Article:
One of the earliest experiments of crowdfunding was the Korean citizen journalism site Oh My News, created in 2000. They asked people to “tip” authors to stories they liked the best and in this way they paid their most popular contributors.
Sixteen years later, this week, Google announced Spanish eldiario.es as one of the 128 winning projects of its Digital News Initiative Innovation Fund to which the company is giving US$27 million “to spark new thinking and give European news organisations all sizes of space to try some new things.” According to Google, building on a successful traditional crowd-funding model, this digital news outlet will identify niche groups of audiences and invite them to fund a specific story or to top up the funding gap for an area of coverage. Meanwhile, Publish.org, a project in the making, is developing a new version of the original experiment they tried with The Guardian’s Contributoria, to get readers pay a membership fee that will enable them to vote for the best stories, write their own and edit others.
What these pioneers understand well is that this is not just about getting the money; it is about creating a faithful community of readers. In a way, they are searching for the lost group of loyal subscribers to traditional newspapers who would call the newsroom in times of crisis as if journalists were family. The new fragmented audiences of digital outlets no longer gather around news-producers but around social networks, and no longer see why quality journalism has to be paid, nor how these payments help guarantee the media true independence.
Crowdfunding helps journalism-producing outlets build a reliable community around a way of being.
Hungarians fund Atlatzo; Salvadorans, El Faro; and residents of Hong Kong, Factwire — because they think good information is indispensable to survive as citizens. They know that if they support quality, well-verified stories, they will know what is really going on, and they will not be deceived with slanted or special-interest driven information.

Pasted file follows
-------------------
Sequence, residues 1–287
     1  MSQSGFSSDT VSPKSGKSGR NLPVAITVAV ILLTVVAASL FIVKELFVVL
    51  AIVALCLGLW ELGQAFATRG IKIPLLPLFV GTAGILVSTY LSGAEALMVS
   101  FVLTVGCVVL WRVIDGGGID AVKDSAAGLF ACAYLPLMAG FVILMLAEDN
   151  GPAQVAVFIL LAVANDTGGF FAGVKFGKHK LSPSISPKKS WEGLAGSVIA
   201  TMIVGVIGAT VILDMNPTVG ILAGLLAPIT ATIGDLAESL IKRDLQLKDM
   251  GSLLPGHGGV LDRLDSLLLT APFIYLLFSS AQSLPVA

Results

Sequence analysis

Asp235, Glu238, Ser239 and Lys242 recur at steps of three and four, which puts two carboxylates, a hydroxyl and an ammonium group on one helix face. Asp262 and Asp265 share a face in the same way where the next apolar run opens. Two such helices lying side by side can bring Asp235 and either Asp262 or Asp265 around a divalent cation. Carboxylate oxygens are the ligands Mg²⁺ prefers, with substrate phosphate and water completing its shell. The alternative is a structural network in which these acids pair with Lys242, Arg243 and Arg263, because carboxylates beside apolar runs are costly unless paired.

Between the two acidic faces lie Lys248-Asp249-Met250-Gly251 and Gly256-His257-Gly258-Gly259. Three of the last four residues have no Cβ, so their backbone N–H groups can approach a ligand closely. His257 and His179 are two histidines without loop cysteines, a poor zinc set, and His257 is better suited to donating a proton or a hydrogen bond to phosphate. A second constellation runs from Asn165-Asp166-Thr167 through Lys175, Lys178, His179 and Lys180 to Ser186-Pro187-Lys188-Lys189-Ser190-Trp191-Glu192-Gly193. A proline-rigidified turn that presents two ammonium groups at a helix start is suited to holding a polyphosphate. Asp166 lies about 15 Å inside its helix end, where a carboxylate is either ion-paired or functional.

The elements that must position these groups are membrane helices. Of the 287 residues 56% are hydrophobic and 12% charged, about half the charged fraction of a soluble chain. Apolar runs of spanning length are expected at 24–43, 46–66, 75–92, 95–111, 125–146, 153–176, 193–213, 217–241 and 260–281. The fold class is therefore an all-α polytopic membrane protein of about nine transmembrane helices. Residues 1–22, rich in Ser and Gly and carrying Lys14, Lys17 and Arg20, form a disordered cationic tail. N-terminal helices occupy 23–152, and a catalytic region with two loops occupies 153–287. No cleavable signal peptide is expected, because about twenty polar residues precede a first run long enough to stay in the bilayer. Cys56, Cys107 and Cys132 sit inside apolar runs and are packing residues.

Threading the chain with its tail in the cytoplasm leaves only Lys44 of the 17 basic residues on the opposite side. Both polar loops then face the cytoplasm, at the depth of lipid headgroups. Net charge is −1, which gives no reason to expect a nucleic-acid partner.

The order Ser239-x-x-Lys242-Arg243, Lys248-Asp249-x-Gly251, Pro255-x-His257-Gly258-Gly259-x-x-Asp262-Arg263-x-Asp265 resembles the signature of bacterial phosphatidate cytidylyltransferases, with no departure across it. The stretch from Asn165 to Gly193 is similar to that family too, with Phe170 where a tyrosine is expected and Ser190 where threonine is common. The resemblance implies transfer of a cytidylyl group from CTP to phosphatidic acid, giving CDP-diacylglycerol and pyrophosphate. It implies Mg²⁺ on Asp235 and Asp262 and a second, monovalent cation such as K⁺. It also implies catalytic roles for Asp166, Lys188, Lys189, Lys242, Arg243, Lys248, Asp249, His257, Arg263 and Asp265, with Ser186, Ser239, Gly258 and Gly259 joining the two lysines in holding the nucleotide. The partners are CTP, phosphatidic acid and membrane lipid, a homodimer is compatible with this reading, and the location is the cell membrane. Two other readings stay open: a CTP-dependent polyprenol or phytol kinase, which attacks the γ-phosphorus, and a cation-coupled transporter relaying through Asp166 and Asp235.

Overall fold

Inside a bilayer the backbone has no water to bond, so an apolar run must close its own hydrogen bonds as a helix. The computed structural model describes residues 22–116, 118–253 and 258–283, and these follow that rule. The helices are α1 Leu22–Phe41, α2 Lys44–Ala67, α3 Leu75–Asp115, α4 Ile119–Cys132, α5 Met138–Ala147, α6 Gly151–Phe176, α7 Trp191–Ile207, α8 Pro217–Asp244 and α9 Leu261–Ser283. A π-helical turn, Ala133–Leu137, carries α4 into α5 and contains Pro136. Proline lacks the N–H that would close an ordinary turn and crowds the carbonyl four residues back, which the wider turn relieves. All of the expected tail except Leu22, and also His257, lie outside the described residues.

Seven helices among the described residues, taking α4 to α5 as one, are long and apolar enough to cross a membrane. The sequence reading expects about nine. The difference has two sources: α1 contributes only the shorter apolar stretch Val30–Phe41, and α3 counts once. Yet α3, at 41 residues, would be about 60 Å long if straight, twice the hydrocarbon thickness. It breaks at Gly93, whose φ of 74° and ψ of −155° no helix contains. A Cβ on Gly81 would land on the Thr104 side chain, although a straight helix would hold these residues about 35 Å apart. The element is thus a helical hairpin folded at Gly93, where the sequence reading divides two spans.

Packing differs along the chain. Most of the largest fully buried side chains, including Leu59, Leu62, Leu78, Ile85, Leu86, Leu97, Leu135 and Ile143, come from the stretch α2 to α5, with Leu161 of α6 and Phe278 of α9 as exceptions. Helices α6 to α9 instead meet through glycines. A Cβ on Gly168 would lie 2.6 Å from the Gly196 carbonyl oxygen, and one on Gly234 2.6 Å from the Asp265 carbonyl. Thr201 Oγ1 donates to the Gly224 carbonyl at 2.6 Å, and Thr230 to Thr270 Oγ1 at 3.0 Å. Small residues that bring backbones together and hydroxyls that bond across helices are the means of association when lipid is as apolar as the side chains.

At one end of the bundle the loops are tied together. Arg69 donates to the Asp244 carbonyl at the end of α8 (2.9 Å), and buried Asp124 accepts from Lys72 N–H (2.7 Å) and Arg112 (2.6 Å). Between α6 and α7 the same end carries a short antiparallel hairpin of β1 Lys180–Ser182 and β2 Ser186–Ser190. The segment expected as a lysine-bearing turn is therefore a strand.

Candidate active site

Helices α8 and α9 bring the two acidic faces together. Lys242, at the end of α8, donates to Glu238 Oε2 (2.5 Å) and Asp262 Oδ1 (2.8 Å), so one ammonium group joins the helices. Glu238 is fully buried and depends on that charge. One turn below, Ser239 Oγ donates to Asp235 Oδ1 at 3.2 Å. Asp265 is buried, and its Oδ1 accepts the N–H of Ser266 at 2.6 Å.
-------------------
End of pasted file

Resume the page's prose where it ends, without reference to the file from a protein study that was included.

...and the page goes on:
There are, however, cultural nuances in crowdfunding. In many places in the world it is still seen as a request for charity; as if the journalists were requesting a personal favor. And people may give them small change, like giving donations in church. Fortunately, this culture is changing. More citizens seem to understand that crowdfunding for journalism is a profoundly egalitarian exercise. They are increasingly conscious that, as with food, they cannot only consume “junk” information.
If citizens only access information from contaminated sources, they will be unable to hold government or corporations accountable; unable to know when their interests are being harmed.
Crowdfunding is also a democratizing force because it gives power to its audiences. If they pay for the stories, they will follow them up and demand quality. Sure, the old business model that supported journalism was working, but in many parts of the world, it had been perverted by the excessive power it gave advertisers (including state advertising) over editorial content. It also left too much room for journalists to cozy-up to power. Now if citizens voluntarily fund a journalistic project, they expect something more than lazy journalism and they can speak more strongly to the journalists they fund.
Finally, crowdfunding can be a shield for journalism under attack. These same crowds that gave a site money because they are convinced they need “organic journalism” made of healthy sources and verified ingredients to have a better life, could be the ones that go out of their way to defend it when under attack. For example, when there have been attempts to censor or intimidate Malaysiakini, a renowned independent media in Kuala Lumpur, its audience, who gave them half a million dollars for their new building, marched in the streets to protest. Also, as you will see in the examples below, crowds have helped pay for the defense of trusted journalists when they suffer legal abuse because they feel the stories they are telling are important and worth defending.